Poetry Reviews


Just Saying, by Rae Armantrout

Wesleyan University Press, 2013

JustSayingI read Just Saying quickly, but marked many pages to return to. First off, I love the title. I only wish I’d thought of it first. Just saying: What we say when we want to make a point and yet maintain a light, inoffensive tone. I feel as if Armantrout is saying “Here’s something I happened to notice. Have you noticed that? Have you been thinking the same thing? Is this perhaps something we should keep in mind?” At the same time, the title calls to mind WCW’s “This is just to say.” In both cases, the point is in saying it. We all write poems just to say, don’t we?

What I love about Armantrout is that the reader is necessarily involved in the poem making. You have to read between lines, fill in the blanks, and connect the dots. Certain lines leap off the page and grab me. Others send me back to the beginning of the poem. I always feel immersed, part of the poem, as if looking around it from inside it. As if. A phrase that Armantrout uses a lot.

Read the full review at Goodreads.


Miss Plastique 5x7Miss PlastiquePoems by Lynn Levin

Ragged Sky Press, 2013

“Just one word – plastics,” we were advised in “The Graduate.” And then, suddenly, they were everywhere — from toys to rolling pins. Cheap, mass-produced, artificial, phony. Today, the word conjures the ultimate in materialism and excess: credit cards. Plastique, itself, is an obsolete term for a plastic explosive. Soft, moldable, versatile, it can take on different shapes. Quick! How is an explosive like a woman?

Something that looks like dough

can kill you. I love the stuff
with a self-love
I never knew I had.

– “Miss Plastique”

The poems in this collection display Levin’s studied attention to craft and a delightful versatility. She is equally at home with received forms (sonnet, villanelle, sestina, aphorism) and free verse. But all of the poems are imbued with attention to form, space, and pacing — even when not explicitly formal. She often plays with form and narrative structures we recognize to render a double-edged message, to add another layer of meaning to a poem.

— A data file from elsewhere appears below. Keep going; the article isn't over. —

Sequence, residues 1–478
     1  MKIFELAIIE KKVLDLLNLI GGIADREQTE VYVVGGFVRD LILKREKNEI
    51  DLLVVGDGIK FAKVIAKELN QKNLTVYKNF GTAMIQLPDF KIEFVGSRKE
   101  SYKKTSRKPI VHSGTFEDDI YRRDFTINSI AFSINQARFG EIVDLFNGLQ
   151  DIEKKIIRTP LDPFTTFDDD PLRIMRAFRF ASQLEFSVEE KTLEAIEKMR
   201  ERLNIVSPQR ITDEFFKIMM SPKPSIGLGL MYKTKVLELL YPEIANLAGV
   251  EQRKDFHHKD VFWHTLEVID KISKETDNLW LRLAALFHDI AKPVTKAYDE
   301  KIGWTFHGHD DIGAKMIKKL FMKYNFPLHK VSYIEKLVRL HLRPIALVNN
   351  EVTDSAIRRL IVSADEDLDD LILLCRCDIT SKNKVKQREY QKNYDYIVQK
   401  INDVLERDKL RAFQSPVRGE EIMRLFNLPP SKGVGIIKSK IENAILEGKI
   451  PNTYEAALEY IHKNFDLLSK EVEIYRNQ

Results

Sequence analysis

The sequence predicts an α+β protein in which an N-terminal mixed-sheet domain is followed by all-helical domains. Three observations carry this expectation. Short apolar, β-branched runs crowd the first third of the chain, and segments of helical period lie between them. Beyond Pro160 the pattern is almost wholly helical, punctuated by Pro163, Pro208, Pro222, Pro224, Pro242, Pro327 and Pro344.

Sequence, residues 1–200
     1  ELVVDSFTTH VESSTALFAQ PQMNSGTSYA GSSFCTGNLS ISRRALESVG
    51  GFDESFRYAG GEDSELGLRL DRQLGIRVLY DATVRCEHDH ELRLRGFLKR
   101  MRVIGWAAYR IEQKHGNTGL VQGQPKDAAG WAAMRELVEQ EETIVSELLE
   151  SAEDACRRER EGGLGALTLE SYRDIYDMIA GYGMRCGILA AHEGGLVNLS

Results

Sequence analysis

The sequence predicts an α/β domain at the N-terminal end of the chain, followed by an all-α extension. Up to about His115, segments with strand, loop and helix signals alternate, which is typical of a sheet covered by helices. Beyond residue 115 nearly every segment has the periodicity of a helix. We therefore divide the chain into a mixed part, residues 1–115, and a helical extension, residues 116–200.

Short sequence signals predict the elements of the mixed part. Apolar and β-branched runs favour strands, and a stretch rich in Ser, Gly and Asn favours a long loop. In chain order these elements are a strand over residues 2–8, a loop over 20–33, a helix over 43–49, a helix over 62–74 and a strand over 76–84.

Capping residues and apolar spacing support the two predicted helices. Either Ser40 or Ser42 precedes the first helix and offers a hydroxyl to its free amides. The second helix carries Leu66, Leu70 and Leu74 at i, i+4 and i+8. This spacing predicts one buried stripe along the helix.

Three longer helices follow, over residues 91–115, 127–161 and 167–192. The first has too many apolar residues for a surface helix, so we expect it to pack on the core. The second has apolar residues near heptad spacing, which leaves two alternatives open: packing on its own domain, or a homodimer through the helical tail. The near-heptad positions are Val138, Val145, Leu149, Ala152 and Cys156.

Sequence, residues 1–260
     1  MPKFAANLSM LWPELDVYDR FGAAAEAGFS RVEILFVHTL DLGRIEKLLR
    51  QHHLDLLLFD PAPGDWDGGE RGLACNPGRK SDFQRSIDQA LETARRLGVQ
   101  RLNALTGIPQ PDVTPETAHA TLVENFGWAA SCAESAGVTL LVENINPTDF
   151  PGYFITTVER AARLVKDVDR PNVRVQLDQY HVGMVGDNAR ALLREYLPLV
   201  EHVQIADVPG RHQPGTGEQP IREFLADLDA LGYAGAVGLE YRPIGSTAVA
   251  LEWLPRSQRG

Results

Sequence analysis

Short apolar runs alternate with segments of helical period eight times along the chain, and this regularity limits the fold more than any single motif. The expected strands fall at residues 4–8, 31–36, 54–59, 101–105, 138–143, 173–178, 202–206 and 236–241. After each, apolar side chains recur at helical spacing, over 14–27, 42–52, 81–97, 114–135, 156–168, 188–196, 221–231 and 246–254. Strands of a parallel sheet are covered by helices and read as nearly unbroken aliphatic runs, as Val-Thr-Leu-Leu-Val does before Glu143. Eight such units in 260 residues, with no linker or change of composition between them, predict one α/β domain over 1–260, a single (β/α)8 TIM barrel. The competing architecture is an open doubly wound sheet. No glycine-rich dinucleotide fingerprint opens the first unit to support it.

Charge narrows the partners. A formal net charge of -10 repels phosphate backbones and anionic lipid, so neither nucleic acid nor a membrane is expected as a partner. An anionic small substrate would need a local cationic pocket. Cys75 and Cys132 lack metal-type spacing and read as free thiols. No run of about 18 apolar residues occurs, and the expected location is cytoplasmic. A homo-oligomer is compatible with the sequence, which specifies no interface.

Read the full review at The Rumpus.


What Glorious PossibilitiesPoems by Jim Zola

Kelsey Books, Aldrich Press, 2014 

Zola’s poems are sometimes quirky, sometimes a bit surreal. But always honest and searching. The language is fresh, the images concrete, unexpected, and often arresting. The poet’s attention shifts and settles on one image after another, something like the sunlight that he describes moving from object to object in a room,”setting fire to a dinged lampshade, loved books, the dog mid-twitch. . . .” Because of this, it’s easy to see the world from the narrator’s point of view. And of course, this kind of seeing leads to another kind: it lets us see within. Zola gives us a house of the imagination and lets us peer through the windows.

See the full review at Wild Goose Poetry Review.

How It Happens
by Jim Zola

One night the world seems right
moon in place
dog snoring
lightly at the foot of our bed

By morning the faucet in the bathroom drips
it didn’t before
I resort to my usual tools
my phillips screwdriver
my red plumber’s wrench

my curses and pleas
This is the next to last straw

a broken lace on the shoe of madness
you laugh say
a cockroach can live for days

without its head
Then I’m tapping a tune on the pipes

La Cucaracha
and you are shimmying naked
down the hallway.